The road to get there may not be safe and local attacks may be at a decade high, but an annual ski race in the Hindu Kush offers Afghanistan the glimpse of a better future, organizers say.
Under the beady eye of Afghan police armed with machine guns, a reminder of the country’s war, local and Western skiers compete in a grueling test of physical fitness in the mountains 180 kilometers west of Kabul.
“Organizing a ski competition seems frivolous, but it has a symbolic dimension,” said Christoph Zurcher, the event’s Swiss founder. “People here can think that Afghanistan is going somewhere instead of going down.”
There are no ski lifts in Shaidan valley, Bamiyan province, so the 30 participants in last week’s Afghan Ski Challenge first had to clamber up a steep ascent on a course ranging in altitude from 3,200 meters to 3,480 meters.
Afghans accustomed to mountain conditions soon stretched ahead of breathless international skiers as a cheerful crowd of several hundred supporters and children from nearby villages shouted encouragement.
The stunning setting and peaceful atmosphere was a world away from Afghanistan’s violent image, and Zurcher hopes that the race is one small step towards the valley becoming a proper ski resort.
“Most countries which are off-track, when they open, people rush there. Look at Cambodia or Burma. If Afghanistan opens, it will be the same.”
Zurcher, a journalist based in Zurich, said the idea of holding a race came to him when he was stuck in Bamiyan for four days in 2010 while on assignment.
“With all those mountains around, it doesn’t take long for a Swiss person to think about skiing. Few local people had heard of the sport.”
Zurcher found sponsors to buy equipment from Europe and held the first race in 2011, with the event now supported by a range of commercial backers who guarantee free entry and provide prizes of luxury watches and jackets.
After completing the first arduous climb, a flat section and then another ascent, skiers completed the 2.6-kilometer course with a well-earned cruise to the finishing line on beautiful powder snow.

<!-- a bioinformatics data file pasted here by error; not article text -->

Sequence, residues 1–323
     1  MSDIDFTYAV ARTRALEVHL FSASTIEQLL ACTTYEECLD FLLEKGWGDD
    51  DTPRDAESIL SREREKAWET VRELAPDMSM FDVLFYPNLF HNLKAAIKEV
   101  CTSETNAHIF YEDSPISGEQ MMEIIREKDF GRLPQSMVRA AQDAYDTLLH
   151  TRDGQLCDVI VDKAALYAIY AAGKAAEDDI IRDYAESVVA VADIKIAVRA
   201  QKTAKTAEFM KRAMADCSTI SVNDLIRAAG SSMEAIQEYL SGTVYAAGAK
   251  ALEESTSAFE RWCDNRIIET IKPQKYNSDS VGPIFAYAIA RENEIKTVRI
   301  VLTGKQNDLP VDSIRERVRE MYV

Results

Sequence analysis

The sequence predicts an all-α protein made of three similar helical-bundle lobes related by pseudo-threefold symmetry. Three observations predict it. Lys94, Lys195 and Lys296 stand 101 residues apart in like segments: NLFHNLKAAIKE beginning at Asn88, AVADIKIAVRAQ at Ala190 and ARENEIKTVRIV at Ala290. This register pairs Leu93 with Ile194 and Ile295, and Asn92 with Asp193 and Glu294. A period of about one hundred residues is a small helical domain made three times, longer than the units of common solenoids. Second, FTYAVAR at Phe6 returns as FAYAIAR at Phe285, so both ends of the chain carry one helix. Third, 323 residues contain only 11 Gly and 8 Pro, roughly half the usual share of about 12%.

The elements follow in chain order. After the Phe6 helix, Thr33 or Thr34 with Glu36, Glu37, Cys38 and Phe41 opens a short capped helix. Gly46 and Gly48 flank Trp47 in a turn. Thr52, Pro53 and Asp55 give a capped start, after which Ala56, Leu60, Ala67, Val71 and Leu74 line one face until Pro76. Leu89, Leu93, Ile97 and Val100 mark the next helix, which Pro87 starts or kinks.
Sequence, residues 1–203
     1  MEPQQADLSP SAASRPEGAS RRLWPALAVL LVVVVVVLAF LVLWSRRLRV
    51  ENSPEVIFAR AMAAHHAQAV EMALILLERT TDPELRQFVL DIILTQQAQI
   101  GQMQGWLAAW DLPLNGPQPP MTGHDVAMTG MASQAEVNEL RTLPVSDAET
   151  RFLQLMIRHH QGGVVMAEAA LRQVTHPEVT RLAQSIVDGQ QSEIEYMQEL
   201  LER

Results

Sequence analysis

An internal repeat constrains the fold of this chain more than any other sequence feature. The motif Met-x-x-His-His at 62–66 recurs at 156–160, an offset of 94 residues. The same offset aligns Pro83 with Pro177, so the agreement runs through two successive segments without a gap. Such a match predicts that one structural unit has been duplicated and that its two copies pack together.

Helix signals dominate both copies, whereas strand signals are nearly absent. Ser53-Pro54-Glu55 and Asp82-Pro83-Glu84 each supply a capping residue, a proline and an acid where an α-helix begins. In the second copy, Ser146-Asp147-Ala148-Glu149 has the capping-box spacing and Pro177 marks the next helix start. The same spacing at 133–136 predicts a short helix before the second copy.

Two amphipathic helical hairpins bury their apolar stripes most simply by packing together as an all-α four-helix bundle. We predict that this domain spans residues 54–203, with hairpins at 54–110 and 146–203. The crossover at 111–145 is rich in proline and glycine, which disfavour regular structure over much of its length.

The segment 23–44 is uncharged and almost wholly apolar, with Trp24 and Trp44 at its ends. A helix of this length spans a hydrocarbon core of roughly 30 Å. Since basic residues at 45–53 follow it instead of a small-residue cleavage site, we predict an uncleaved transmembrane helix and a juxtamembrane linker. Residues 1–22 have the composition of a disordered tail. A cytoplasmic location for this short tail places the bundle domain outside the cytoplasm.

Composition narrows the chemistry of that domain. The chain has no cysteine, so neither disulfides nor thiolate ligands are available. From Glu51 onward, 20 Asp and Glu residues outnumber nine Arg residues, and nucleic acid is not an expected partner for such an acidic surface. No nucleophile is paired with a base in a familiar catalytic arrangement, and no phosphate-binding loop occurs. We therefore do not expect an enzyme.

“I’m very happy, we trained really hard, seven days a week as soon as snow started to fall,” said Sajad Hosseini, a local guide.
He won in a time of 28 minutes. The last exhausted and sun-burnt foreigners finished after more than three hours.
“It wasn’t just about the race. It was also about the ski business. Tourism will develop in the future,” Hosseini said. “First because here it’s cheap. And also because nobody did it before, so people will love to come here.”
Despite the optimism, serious problems remain for the country.
The organizers issued a warning that “mountains of Afghanistan are not the Alps nor the Rocky Mountains,” stressing that racers took part at their own risk, given poor access to medical care in the war-torn, poverty-stricken country.
Bamiyan province, known for its vast Buddhas destroyed by the Taliban in 2001, wants to revive its tourism heyday in the 1960s when visitors thronged to its mountains, lakes and impressive historical and archaeological heritage.
Since the fall of the Taliban, the province has been one of Afghanistan’s most tranquil areas despite being surrounded by more volatile provinces.
But there has been a recent rise in incidents, with the deaths of five New Zealand military last August shocking many who believed that the ethnic Hazaras who dominate Bamiyan were keeping Taliban insurgents at bay.
The two roads from Kabul remain unsafe due to kidnapping and robbery, and provincial governor Habiba Sarobi admits that 18 Afghans died in attacks in Bamiyan linked to the insurgency last year, the worst record in 11 years.
On race day, armed police watched over the scene on Sarobi’s orders.
“This is to reassure the media and participants and to show that we protect the event,” she said after watching the race. “But in Bamiyan, we don’t have any problem. The Taliban do not exist here.”
With Afghan forces taking over the fight against Taliban-led insurgents as NATO combat troops withdraw, the outlook for the country is uncertain and mass tourism appears a distant dream.
But Gull Bayzadeh, a local travel agent who helped organise the race, saw the success of the event as a sign of Bamiyan’s long-term potential.
“Skiing and tourism are symbols of peace. It will replace the war, the fighting,” he said.
“I’m sure that if we continue like this, Taliban will drop their guns and come to ski,” he joked.